February 4, 2014

February 4th, 2014

Category: News

Local News

Snow days could extend Delaware’s school year
Students are starting the week with another snow day as weather forecasts call for several inches of snow in parts of the First State. Most school districts have already taken several days off school this year due to inclement weather, which could mean adding days at the end of the school year. Under the Delaware public education code, students and teachers must complete a minimum number of hours per school year. Kindergarten through 11th grade students must complete a minimum of 1,060 hours while high school seniors must complete a minimum of 1,032 hours.

Grant to help expand Delaware’s education dashboard to pre-K students
Delaware is poised to expand use of its K-12 Education Data Warehouse and web-based student information dashboards. A $1.5 million dollar grant from the Michael and Susan Dell Foundation will allow the state’s Department of Education and Office of Early Learning to add birth through pre-kindergarten data to the system. It will also help make the system available to preschool educators. The Office of Early Learning’s executive director Harriet Dichter says in its initial stages the goal is to make it easier for teacher’s to track development in key areas such as academics and social skills.

The News Journal
Student data effort raises privacy questions
Delaware education officials are expanding their data collection system to include day care students and pre-kindergartners, a move officials say will allow them to better serve students, but one that privacy advocates warn needs to be handled carefully.

Sussex Countian
Freeman Foundation grant strengthens arts impact on Sussex Co. students
In a continued push to place more emphasis on arts in education, a Delaware senator and representatives from the Joshua M. Freeman Foundation announced last week that a federal grant will allow local fifth graders to perform this summer with the Mid-Atlantic Symphony Orchestra.

Middletown Transcript
Reading becomes shared experience with One School, One Book program
Over the course of a week, new items mysteriously began showing up in Brick Mill Elementary School’s lobby showcase. First it was pitchers and cups. The next day it was lemons, followed by coins, photographs of siblings and lemonade mix. Finally, students were asked to wear yellow to school on Monday for the official unveiling of Brick Mill’s 2014 One School, One Book selection.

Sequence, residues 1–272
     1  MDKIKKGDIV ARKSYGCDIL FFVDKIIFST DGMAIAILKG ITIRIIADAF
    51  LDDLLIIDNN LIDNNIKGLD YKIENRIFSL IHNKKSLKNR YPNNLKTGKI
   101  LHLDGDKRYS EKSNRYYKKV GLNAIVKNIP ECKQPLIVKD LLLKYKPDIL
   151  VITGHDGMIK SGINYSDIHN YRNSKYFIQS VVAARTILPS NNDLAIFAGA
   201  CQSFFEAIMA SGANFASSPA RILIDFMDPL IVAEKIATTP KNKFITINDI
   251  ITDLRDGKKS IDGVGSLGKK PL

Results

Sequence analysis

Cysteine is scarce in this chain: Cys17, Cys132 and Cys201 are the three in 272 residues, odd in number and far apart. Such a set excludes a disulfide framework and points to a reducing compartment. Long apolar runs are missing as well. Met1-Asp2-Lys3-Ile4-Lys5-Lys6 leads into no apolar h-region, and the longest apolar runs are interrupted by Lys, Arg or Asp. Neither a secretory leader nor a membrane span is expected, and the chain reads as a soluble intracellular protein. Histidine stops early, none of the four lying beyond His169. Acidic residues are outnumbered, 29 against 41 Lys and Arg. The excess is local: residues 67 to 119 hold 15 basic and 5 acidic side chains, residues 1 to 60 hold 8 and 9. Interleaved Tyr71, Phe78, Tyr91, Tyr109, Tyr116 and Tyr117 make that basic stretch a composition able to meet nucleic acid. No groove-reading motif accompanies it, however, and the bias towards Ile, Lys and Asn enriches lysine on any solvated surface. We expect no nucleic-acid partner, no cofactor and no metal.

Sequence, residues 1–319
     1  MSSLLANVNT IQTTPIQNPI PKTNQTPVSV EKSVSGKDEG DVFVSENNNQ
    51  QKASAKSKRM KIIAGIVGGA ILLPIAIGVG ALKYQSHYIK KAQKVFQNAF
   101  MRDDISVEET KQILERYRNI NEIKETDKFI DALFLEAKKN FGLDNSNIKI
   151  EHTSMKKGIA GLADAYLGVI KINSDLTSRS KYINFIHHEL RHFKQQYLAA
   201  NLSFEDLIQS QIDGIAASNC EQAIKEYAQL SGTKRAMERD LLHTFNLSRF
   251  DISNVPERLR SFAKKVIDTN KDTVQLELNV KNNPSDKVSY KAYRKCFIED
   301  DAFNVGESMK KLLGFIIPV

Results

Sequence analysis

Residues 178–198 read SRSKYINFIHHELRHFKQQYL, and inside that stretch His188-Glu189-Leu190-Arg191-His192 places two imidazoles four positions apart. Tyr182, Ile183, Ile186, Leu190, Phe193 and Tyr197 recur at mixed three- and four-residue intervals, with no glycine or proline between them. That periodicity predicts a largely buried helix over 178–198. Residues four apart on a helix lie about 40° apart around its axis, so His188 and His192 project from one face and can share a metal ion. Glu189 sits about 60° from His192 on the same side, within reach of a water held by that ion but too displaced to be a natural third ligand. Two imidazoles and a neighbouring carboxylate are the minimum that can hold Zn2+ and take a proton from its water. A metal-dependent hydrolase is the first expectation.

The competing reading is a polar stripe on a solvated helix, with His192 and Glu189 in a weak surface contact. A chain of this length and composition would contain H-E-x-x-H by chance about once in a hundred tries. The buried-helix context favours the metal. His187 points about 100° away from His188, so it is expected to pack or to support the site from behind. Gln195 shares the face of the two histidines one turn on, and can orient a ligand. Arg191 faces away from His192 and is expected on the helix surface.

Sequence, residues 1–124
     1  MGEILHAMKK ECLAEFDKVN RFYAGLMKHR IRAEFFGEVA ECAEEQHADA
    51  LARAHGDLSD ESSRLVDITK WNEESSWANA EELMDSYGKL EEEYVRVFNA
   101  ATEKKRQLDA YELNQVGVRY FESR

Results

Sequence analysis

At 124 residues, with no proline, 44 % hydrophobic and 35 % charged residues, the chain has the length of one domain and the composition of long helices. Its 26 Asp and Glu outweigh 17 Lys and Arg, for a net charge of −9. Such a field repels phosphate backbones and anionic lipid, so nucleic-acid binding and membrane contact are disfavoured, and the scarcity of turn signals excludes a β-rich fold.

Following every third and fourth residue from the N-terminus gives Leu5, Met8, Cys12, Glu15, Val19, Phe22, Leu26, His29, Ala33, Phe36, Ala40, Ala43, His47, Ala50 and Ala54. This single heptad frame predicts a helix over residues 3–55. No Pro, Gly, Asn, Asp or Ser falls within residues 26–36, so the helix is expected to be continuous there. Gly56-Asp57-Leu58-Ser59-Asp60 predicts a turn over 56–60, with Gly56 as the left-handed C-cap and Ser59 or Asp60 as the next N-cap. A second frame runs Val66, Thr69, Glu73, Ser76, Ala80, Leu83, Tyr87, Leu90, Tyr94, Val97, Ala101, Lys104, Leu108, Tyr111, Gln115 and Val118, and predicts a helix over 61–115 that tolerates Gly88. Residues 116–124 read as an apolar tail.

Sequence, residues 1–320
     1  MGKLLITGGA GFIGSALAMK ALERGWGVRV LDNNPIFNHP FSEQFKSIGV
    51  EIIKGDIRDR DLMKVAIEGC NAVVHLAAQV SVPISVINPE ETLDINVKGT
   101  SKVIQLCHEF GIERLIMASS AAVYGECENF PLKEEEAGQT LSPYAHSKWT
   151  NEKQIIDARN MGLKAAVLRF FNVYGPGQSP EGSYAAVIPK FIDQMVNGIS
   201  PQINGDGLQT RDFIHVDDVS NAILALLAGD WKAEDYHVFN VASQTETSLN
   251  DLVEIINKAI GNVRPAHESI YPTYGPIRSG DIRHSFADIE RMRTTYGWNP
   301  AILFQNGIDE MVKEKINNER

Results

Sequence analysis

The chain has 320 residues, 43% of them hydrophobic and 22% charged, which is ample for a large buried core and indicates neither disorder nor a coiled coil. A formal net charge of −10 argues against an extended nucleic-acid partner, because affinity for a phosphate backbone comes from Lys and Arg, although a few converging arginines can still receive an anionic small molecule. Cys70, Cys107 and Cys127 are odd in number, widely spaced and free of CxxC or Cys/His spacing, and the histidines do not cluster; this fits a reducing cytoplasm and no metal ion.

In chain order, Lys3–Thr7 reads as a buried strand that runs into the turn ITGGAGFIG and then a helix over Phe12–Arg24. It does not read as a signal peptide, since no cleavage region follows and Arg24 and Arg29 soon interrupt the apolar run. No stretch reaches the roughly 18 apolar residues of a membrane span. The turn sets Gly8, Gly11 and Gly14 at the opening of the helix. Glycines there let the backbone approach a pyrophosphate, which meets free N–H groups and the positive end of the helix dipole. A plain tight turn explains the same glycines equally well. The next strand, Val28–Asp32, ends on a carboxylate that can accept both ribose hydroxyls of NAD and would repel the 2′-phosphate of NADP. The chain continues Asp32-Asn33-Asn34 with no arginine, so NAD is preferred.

National News

Seattle Times
What does our diploma mean? Not much, employers say
There is little argument about the facts: Fewer than half of all graduating high school seniors in Washington meet basic requirements for admission to public universities, and hundreds of employers say our high school graduates do not have adequate skills in reading, writing or math — even for low-level jobs.

Education Week
Is kindergarten the new first grade? Researchers say yes
From 1998 to 2006, kindergarten teachers reported devoting 25% more time to teaching early literacy, from five-and-a-half hours to seven hours per week, according to a new study. Though the overall time for kindergarten has increased since the late 1990s, kindergartners now spend as much time on reading and language arts as they do on math, science, social studies, music and art combined.

New York Times
Preschool push moving ahead in many states
Preschool is having its moment, as a favored cause for politicians and interest groups who ordinarily have trouble agreeing on the time of day. President Obama devoted part of his State of the Union address to it, while the deeply red states of Oklahoma and Georgia are being hailed as national models of preschool access and quality, with other states and cities also forging ahead on their own.

Rodel Foundation of Delaware




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